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Roslindale


Home > Boston's Neighborhoods > Roslindale

Learn more about your ancestor's neighborhood through the timeline, find more information in the Further Reading section, or use the links to experience life in that community today.

Timeline

  • 1620s: Prior to the first English settlements, the Dedham Post Road is an important Native American highway. Notable historical figures such as Narragansett Chief Miantonime, King John of the Nipmucks, and Chief Matoomis travel the road. Later, the Minutemen race along the Dedham road to take part in the Battle of Bunker Hill. Today, the road is called Centre Street.
  • 1662: South Street is laid out.
  • 1683: The Westerly Burial Ground on Centre Street is constructed.
  • 1711: Roslindale residents build a meetinghouse on Walter Street (today the site of this defunct house is located in the Arnold Arboretum) to avoid having to travel to the meetinghouse in John Eliot Square, Roxbury. There, they also establish the Walter Street Burial Ground.
  • 1712: The congregation is recognized by the Massachusetts Bay government as the Second Church of Roxbury on land given by Joseph Weld. The first pastor is Ebenezer Thayer.
  • 1725: The Chamberlain House on Poplar Street is constructed and today is the oldest house in town.
  • 1804: Washington Street is built.
  • 1806: Captain John Weld sells his farm to Benjamin Bussey who builds a mansion there in 1818. Later, the house is given to Harvard and today is part of the Arnold Arboretum.
  • 1825: Poplar Street is laid out.
  • 1834: The Boston and Providence Railroad comes through the neighborhood.
  • 1841: Unitarian minister George Ripley founds a Transcendentalist utopian community called the Brook Farm Institute of Agriculture and Education on Baker Street. Transcendentalism influenced local Boston writers Ralph Waldo Emerson, Henry David Thoreau, and Nathaniel Hawthorne. In 1849, Brook Farm is purchased by the town and made into a poor house. Later, it becomes home to the Evangelical Lutheran Church and Gethsemane Cemetery in 1873.
  • 1847: Brown Avenue is laid out.
  • 1848: The Boston and Providence Railroad creates a stop in West Roxbury that facilitates population growth.
  • 1851: West Roxbury is incorporated including Roslindale.
  • 1852: Mount Hope Cemetery is created and filled with beautiful gardens and fountains.
  • 1870: Roslindale is called "South Street District" and "South Street Crossing." The name is later changed to "Roslindale" . Roslindale is named after Roslyn, Scotland (the "dale" suffix refers to the fact that the neighborhood is surrounded by hills) as suggested by Roslindale resident and world traveler John Pierce.
  • 1872: The Arnold Arboretum is founded in Roslindale and Jamaica Plain. Designed by its first director, Charles Sprague Sargent with help from Frederick Law Olmsted, the 265-acre horticultural research and educational institution is named after its benefactor James Arnold. The Arboretum is part of Olmsted's sprawling Emerald Necklace. The grounds include a library, herbarium, and trees and plants from around the world.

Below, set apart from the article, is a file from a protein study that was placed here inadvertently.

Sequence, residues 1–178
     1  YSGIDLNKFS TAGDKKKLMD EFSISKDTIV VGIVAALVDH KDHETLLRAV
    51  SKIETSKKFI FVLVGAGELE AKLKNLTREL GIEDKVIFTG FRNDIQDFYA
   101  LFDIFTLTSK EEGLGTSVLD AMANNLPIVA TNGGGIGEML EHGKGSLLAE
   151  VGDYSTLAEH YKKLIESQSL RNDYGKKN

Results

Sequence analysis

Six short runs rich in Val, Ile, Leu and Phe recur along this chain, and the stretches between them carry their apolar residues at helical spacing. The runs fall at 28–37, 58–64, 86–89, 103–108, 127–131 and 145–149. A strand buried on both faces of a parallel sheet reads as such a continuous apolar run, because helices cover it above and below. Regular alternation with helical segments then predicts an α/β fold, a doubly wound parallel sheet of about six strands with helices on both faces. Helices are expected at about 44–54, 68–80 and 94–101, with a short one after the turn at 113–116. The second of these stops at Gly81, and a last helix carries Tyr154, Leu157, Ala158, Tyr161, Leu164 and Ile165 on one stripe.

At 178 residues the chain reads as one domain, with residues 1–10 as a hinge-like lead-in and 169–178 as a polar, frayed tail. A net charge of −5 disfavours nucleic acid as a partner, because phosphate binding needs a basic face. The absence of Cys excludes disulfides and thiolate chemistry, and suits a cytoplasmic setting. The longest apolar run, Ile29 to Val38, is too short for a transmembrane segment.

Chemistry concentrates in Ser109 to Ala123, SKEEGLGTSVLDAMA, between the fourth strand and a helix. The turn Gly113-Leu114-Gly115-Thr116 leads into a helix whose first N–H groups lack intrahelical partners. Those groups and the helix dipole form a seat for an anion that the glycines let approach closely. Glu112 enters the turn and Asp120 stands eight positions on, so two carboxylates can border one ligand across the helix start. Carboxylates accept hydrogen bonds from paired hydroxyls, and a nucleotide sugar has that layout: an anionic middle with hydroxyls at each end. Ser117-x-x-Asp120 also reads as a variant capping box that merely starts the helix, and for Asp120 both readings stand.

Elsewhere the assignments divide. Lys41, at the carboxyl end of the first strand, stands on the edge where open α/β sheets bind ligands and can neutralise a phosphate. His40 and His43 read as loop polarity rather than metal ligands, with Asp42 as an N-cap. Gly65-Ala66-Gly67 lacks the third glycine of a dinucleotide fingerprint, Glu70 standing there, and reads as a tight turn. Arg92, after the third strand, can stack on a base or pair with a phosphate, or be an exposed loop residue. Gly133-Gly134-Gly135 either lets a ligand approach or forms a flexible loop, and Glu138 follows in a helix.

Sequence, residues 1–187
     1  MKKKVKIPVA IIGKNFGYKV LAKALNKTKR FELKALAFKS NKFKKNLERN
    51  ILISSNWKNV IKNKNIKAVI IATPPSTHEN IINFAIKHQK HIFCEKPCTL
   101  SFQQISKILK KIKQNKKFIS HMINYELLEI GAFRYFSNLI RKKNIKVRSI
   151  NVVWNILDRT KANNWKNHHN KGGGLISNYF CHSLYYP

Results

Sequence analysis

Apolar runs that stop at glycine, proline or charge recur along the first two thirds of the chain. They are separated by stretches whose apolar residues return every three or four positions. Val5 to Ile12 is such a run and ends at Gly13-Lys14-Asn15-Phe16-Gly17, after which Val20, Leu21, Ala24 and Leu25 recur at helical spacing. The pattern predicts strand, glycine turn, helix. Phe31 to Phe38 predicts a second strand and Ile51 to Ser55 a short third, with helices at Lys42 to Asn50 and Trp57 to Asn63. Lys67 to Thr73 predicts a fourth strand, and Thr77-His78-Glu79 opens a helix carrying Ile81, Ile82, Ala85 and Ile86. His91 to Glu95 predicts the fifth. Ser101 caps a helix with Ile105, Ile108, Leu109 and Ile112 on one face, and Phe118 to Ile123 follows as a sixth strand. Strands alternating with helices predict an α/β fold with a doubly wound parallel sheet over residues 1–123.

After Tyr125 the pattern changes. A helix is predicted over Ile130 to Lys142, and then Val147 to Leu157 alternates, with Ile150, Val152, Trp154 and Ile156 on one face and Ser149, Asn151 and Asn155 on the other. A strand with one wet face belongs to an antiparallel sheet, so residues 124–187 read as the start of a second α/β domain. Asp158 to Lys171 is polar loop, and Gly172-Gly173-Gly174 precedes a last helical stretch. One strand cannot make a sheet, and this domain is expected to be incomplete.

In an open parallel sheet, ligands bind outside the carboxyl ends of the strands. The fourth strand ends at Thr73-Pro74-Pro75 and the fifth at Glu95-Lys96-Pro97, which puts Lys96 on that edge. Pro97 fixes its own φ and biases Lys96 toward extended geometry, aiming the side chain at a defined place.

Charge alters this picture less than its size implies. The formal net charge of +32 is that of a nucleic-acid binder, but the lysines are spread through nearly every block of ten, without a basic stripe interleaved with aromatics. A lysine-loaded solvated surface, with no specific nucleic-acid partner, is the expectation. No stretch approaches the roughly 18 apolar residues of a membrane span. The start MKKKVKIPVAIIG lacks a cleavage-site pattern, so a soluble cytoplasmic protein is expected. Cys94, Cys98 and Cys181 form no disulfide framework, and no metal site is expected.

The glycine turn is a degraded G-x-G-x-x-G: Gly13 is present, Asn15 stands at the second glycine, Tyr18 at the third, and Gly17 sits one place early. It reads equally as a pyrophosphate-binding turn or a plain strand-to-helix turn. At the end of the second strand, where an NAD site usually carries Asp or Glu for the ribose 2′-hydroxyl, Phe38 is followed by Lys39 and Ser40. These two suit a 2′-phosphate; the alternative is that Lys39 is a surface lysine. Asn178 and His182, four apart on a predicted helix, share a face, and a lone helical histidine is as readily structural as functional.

• 1873: West Roxbury and Roslindale become part of Boston.
  • 1874: The Bethany Methodist Church is built on Ashland Street (now Cummins Highway).
  • 1880s: The extension of horse drawn cars and then streetcars to Roslindale Square urbanizes this previously rural farming community.
  • 1885: The Church of Our Savior founded by Reverend Archibald Codman.
  • 1887: Nine cars with 300 passengers hurtles into a 74-foot chasm when the Bussey Bridge on South Street and Archdale Road collapses. An enormous amount of spectators come to town to see the wreck and find the town so beautiful that they decide to stay and settle here.
  • 1888: Ridge Street laid out.
  • 1889: The Roslindale Baptist Church built on Ashland Street.
  • 1892: The Roslindale Unitarian Church is built using a design by Edwin J. Lewis (1859-1937).
  • 1893: The Sacred Heart Church is the first Roman Catholic church built on Cummings Highway and Brown Avenue. The first pastor is Reverend John Cummins.
  • 1895: South Fairview Street laid out.
  • 1898: The Roslindale Branch of the Boston Public Library opens.
  • 1911: The Roslindale Woman's Club is founded.
  • 1918: Irving W. Adams (1893-1918), of South Street, is the first Massachusetts man killed in action during World War I in a battle at Rambucourt, France on February 9th.
  • 1920s: The American Legion Highway cuts through town.
  • 1941-1945: The citizens of Roslindale raise $250,000 to buy a B-25 bomber, Spirit of Roslindale, which they donate to the military for use in World War II.
  • 1970s: Roslindale becomes an area to which Christian Lebanese immigrants come to live during the Lebanese Civil War.
  • 1980: Roslindale High School is closed. Students are sent to a new West Roxbury High School. The old high school building is recycled for housing.
  • 1984-90: Then District City Councilor Thomas Menino helps Roslindale Square to become a model as part of national program call "Main Streets." The effort brings small businesses back to the Square after abandonment in the early 1980s. Menino is elected Boston Mayor in 1993 He expands the program to other neighborhoods using Roslindale Square as the model.

Organizations

  • Roslindale Historical Society
    Cathy Slade, President
    131 Rowe Street
    Roslindale, MA 02131

Further Reading

  • Sammarco, Anthony Mitchell. Roslindale. Images of America Series. Dover, NH: Arcadia, 1997.
  • Roslindale. The Boston 200 Neighborhood History Series. Boston: Boston 200 Corporation, 1976.

Links

 
   

 

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